Towns - Post Offices - Rail Stops
of Jefferson County

Salina/Buena Vista
(Buchanan/Lockridge Township)

"SALINA. At the corners of Secs. 7 & 18, Lockridge Township, Secs. 12 & 13, Buchanan Township. Laid out in April, 1852, by Thomas Allender and John Hoaglin. Named for Salina Park who married Amon Garrett. Plat, p.23, 1909 Atlas. P.O. Est. 21 Apr 1852, David Cowan, first p. m.; L. Launchbaugh was postmaster in 1859; office disc. 15 Jun l904. Peter Hoaglin at one time kept a store, also a hotel under the sign "Travelers Rest." Pop. in 1894, 200. By 1914 Salina was acquiring cement sidewalks and street lights. The Presbyterian Church marked its 1lOth anniversary on Jul. 17, 1966."

"BUENA VISTA. Laid out in Aug 1851 in Sec. 13 in the present township of Buchanan. It was surplanted in April 1852 by the town of Salina."
The above information was compiled by Mary Prill and published in the Hawkeye Heritage, July 1967.

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The following story was originally one of a number of articles in the Fairfield Ledger which was later included in the book Villages and Towns of Yester-year in Jefferson County by William R. Baker. We hereby include it on this page with the permission of the Fairfield Ledger.

Names mentioned in this article are as follows:
       Lemuel Nelson, Will Parrot, Ruth Finney, Frank Nelson, Joe Schillerstrom, Townsend Schillerstrom, Clark, RoSalina Hiser, Joseph Schillerstrom, Solomon Clark, John Nelson, Lem Nelson, George Lewellen, George Peck, Dave Leathers, David Cowen, Eber Ogden, Mrs. Robert Erickson,  J.F. Nelson, J.O. Johnson, Joseph Junkin, Dr. J.B. Bradshaw, Dr. W.T. Machesney, J.M. Munson.

Salina residents once had own theatre company

   There is little left of the once thriving community of Salina located approximately five miles northeast of Fairfield on the east edge of Buchanan Township. It is located on what was once known as the wagon trail from Burlington to Packwood.
   Perhaps its major claim for fame is the fact it was the home for what is believed to be Jefferson County's first traveling theatrical group.
   Similar to other small communities, Salina had its own Literary Society which provided entertainment for the community.
   From that group Parrot's Comedy Co. was formed. The group traveled to nearby towns presenting a three-act drama,"Out In the Streets". Traveling by horses and wagons, they found lodging with people living in the towns where they performed. That was true except Glasgow. It had a hotel, one of the first in the county. Lemuel Nelson was listed as manager and Will Parrot was listed as stage manager.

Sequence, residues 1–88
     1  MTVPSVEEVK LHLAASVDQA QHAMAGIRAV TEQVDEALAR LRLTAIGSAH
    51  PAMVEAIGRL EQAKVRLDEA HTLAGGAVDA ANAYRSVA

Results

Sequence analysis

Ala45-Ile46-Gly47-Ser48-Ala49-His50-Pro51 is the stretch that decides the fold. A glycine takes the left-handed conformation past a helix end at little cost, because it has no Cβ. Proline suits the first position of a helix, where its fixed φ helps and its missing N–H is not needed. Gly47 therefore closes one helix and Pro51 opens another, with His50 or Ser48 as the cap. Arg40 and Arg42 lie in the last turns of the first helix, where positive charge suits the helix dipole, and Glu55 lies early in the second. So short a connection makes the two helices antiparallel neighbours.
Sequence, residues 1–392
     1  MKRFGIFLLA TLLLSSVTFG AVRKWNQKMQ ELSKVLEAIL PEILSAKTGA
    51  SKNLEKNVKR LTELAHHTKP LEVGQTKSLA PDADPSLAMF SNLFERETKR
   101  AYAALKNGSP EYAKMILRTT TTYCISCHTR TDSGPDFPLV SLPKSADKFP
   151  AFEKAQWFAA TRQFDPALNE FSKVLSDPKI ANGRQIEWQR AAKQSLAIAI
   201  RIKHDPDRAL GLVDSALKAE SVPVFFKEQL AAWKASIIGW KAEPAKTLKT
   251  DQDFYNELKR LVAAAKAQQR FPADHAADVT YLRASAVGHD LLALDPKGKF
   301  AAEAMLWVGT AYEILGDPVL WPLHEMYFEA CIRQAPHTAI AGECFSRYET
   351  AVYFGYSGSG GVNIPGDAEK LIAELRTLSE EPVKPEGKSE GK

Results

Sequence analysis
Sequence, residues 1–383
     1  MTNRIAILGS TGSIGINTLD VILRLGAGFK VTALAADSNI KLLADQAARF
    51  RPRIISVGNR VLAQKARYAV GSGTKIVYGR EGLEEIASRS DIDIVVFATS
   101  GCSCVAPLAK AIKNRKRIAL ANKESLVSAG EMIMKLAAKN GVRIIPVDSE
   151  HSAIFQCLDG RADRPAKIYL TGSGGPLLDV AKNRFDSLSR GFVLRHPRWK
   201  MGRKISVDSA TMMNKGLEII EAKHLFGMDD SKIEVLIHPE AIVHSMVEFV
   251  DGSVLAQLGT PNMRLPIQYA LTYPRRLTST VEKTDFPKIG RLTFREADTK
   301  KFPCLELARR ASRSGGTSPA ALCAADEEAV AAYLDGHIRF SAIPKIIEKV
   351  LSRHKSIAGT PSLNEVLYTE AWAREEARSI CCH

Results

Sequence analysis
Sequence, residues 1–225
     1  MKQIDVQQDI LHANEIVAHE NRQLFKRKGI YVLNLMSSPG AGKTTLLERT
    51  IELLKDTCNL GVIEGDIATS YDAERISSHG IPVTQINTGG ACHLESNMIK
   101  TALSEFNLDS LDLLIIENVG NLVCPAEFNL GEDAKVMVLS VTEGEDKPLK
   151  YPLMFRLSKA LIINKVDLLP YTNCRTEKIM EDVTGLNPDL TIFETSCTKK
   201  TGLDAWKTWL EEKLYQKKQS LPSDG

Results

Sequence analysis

Information concerning the Salina Literary Society was provided by Ruth Finney, former resident of Fairfield now living in Sun City, Arizona.
   Lemuel Nelson, manager of the theatrical group, was her father. He was born in 1869 in Salina where he spent his early life. After operating a store in Salina, a creamery in Birmingham and a coal mine at Perlee, he moved to Fairfield in 1900.
   In Fairfield, he operated the L. J. Nelson Shop in New Chicago area manufacturing galvanized feed and water tanks for many years. He died in 1957. His brother, Frank Nelson, was in the well drilling business in Fairfield over a long period of time.
   One of Salina's best known citizens was Joe Schillerstrom who operated a general store in Salina for over 56 years. He was born in 1885 at Salina and spent his entire life in that community.
   His parents came to the United States from Sweden in May, 1846. Six months later they reached the Midwest and established their home on a 136-acre farm near Salina.
   Joe and a partner by the name of Clark purchased a store in Salina in 1898. Joe finally became sole owner and remained in business for well over a half-century. He witnessed the rise and fall of Salina.
   He was assisted by his son Townsend Schillerstrom who drove the huckster wagon for many years. Townsend, now 89, lives near Lockridge and still follows his hobby of raising flowers.
    His daughter RoSalina Hiser, still resides in the Schillerstrom property in Salina where she pursues her photography business. Her grandfather, Joseph Schillerstrom, died in 1944, just short of his 90th birthday.
   The elder Mr. Schillerstrom recalled when he purchased the store in 1898 there were three others in Salina operated by Solomon Clark, John Nelson, father of Lem Nelson, and the Billingsley store.
   Other establishments along Main Street were three blacksmith shops, George Lewellen's wagon shop, an undertaker, post office, two doctors' offices, hotel and post office.
   The Salina Post Office was established April 21, 1852, and it was discontinued June 15, 1904. George Peck was the first postmaster.